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Question Video: Determining the Nature of the Reactants and Products of the Reaction of Propanoic Acid in the Presence of CuCrO₄ Chemistry

In an experiment, a sample of propanoic acid is heated in the presence of CuCrO₄ at 200°C. The reaction scheme is shown. (a) What name does product B have? (b) What other reactant is needed in the process? How many moles are needed?

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Video Transcript

In an experiment, a sample of propanoic acid is heated in the presence of CuCrO4 at 200 degrees Celsius. The reaction scheme is shown. What name does product B have? (A) Butan-1-ol, (B) ethanol, (C) butan-2-ol, (D) propan-1-ol, (E) propan-2-ol.

The question tells us that the first reactant is propanoic acid. Propanoic acid reacts with an unknown reactant A in the presence of a catalyst and high temperature to produce an unknown product B and water. In this question, our job is to determine the name of product B. Let’s begin by taking a closer look at propanoic acid. We can identify propanoic acid as a carboxylic acid because the name contains the -oic suffix and the word acid.

We can also identify propanoic acid as a carboxylic acid by examining its structural formula. The molecule contains the carboxyl group, which is the functional group of a carboxylic acid. It’s helpful to recall that copper chromate is a catalyst used in reduction reactions. When a reducing agent is present and the reaction is carried out at high temperature, the complete reduction of the carboxylic acid occurs. The products of the reaction are a primary alcohol and water. So what primary alcohol is going to form?

Let’s start by examining propanoic acid again. Notice that the carbon-based chain of propanoic acid contains three carbon atoms. So the primary alcohol produced will also have a carbon-based chain of three carbon atoms. It’s important to recall that reducing agents do not react with the carbon backbone. Let’s add the hydrogen atoms to the first two carbon atoms in the structural formula. In contrast, when the reducing agent reacts with the carboxyl group, a hydroxy group forms. Recall that in a primary alcohol, the carbon atom that’s bonded to the hydroxy group is bonded to only one other carbon atom. To complete our structural formula, we’ll need to add two hydrogen atoms to the third carbon in the carbon backbone.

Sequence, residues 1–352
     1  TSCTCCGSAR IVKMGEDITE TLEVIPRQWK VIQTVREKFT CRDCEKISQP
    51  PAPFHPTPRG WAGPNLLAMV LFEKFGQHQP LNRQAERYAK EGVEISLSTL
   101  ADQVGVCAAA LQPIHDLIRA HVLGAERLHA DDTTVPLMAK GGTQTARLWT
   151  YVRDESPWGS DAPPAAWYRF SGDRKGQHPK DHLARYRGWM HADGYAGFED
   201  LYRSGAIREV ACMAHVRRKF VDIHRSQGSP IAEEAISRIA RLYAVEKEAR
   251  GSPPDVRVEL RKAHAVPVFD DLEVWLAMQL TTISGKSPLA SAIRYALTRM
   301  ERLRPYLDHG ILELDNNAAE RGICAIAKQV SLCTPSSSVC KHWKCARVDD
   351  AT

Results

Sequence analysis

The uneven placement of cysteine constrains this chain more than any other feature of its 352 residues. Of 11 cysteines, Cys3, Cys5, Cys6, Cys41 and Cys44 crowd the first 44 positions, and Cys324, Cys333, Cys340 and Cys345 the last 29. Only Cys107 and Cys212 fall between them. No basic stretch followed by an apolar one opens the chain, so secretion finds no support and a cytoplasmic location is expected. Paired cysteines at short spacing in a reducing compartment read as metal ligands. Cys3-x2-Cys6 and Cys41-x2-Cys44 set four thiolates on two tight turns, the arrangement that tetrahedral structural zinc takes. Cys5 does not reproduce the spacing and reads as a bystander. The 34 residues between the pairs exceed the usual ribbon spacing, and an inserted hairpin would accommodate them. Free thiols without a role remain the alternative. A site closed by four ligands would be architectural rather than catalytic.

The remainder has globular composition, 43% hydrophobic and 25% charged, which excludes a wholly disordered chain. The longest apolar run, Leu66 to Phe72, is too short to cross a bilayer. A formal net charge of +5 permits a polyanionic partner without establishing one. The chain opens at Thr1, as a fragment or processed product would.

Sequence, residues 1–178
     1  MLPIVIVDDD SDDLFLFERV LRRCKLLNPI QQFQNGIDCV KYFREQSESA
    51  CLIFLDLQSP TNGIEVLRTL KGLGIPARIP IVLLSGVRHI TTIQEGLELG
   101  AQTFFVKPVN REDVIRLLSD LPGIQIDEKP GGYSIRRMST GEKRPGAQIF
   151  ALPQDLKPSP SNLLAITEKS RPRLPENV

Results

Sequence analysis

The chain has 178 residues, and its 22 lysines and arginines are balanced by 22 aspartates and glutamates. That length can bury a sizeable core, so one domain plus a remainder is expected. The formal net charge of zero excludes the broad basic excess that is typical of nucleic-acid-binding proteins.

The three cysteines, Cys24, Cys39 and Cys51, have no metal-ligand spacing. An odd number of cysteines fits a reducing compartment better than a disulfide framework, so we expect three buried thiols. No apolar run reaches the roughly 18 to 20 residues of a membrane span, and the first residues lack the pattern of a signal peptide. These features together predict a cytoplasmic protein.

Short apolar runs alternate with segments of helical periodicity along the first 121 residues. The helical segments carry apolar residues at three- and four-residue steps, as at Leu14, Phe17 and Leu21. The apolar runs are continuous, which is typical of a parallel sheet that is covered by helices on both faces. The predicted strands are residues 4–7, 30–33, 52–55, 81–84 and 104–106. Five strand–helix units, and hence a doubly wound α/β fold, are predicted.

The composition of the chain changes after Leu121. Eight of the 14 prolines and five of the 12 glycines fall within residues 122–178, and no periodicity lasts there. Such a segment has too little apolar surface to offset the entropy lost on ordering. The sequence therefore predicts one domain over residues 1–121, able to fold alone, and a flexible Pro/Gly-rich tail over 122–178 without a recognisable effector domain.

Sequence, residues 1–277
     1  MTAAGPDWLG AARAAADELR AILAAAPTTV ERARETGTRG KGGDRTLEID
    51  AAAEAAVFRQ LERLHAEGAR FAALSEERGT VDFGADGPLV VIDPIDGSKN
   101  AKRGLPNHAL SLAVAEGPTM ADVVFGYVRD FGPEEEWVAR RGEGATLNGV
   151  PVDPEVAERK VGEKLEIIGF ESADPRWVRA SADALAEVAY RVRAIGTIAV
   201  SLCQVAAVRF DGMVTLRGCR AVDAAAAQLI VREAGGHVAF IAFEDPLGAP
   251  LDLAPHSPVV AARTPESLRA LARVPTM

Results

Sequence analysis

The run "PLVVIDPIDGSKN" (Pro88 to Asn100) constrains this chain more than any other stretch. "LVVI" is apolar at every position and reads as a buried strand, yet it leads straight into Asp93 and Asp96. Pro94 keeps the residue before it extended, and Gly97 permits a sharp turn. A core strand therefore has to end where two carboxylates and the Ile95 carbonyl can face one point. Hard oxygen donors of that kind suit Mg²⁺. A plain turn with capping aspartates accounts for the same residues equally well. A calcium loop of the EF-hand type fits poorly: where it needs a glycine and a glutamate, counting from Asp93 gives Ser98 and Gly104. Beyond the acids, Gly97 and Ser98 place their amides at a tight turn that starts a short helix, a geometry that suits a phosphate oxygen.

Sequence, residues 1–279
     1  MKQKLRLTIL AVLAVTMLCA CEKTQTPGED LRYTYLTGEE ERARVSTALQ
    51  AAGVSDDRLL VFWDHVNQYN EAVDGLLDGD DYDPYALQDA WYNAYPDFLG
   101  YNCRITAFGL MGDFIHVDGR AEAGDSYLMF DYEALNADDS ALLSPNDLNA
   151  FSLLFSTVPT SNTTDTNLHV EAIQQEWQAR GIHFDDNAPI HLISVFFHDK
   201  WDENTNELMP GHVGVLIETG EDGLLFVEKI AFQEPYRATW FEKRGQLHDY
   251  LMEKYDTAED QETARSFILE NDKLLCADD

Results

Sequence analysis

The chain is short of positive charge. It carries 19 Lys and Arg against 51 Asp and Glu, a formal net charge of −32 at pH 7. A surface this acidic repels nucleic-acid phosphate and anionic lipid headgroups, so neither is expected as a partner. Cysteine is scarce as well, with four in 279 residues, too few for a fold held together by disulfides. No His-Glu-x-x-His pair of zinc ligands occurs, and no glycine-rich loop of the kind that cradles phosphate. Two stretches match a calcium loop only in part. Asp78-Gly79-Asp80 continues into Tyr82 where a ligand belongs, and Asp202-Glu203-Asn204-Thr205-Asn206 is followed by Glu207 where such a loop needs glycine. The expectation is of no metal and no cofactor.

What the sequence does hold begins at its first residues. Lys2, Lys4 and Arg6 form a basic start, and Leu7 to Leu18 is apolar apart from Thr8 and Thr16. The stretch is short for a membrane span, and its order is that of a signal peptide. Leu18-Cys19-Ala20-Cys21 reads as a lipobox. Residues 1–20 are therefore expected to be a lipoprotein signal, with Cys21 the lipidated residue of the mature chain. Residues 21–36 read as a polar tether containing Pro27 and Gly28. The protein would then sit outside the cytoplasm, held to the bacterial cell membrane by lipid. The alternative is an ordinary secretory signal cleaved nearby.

Now we’re going to take time to name the alcohol. The first step in naming a primary alcohol is to name the longest continuous carbon chain that contains the OH group. We’ll also omit the final -e. The longest continuous carbon chain has three carbon atoms, so the name is propane. Prop- indicates the presence of three carbon atoms, and the suffix -ane tells us that the carbon backbone has only carbon-to-carbon single bonds. This gives us propan, and knowing this allows us to eliminate answer choices (A), (B), and (C) because these answer choices do not contain propan in the name.

The second step is to number the carbon atoms, so the OH group gets the lowest possible number. By numbering from right to left, we see that the hydroxy group is located on carbon number one. If we had numbered from left to right, this would’ve placed the hydroxy group on carbon number three. So we’ll need to go with the first method. Finally, in step three, we need to add a position number to the name and add the -ol suffix. Recall that when writing IUPAC names, a hyphen is used between letters and numbers in the name. The 1 indicates the location of the hydroxy group. Finally, let’s add the suffix -ol. This suffix indicates that there is only one hydroxy group in the molecule. The name of product B is propan-1-ol, choice (D).

To help us answer the next question, let’s replace B in the given equation with the structural formula of propan-1-ol.

What other reactant is needed in the process? How many moles are needed?

To begin, it would be helpful to write a chemical equation for the reaction using molecular formulas. The molecular formula for the first reactant, propanoic acid, is C3H6O2, while the molecular formula of propan-1-ol is C3H8O. Let’s count up how many of each type of atom we have on either side of the equation. On the left side of the equation, we currently have a total of three carbon atoms. And on the right side, we also have a total of three carbon atoms.

Let’s take a look at the hydrogen atoms. On the left side of the equation, there are six hydrogen atoms. On the right side, the first molecule contains eight hydrogen atoms. The second molecule contains an additional two hydrogen atoms for a total of 10 hydrogen atoms on the right-hand side of the equation. Finally, on the left side of the equation, there are two oxygen atoms. On the right side, the first molecule contains one oxygen atom, and the second molecule contains an additional one oxygen atom for a total of two oxygen atoms on the right side of the equation. By examining the results of the chart, we see that the carbon atoms are currently balanced. In addition, the oxygen atoms are also balanced.

However, the hydrogen atoms are not currently balanced. We would need an additional four hydrogen atoms on the left side of the equation for this to be a balanced equation. Copper chromate is considered a hydrogenation catalyst. In this reduction reaction, the reducing agent is diatomic hydrogen. The molecular formula of diatomic hydrogen is H2. Therefore, we would need two moles of hydrogen per every one mole of propanoic acid to complete the reduction reaction.

What other reactant is needed in the process? How many moles are needed? The answer is two moles of H2.

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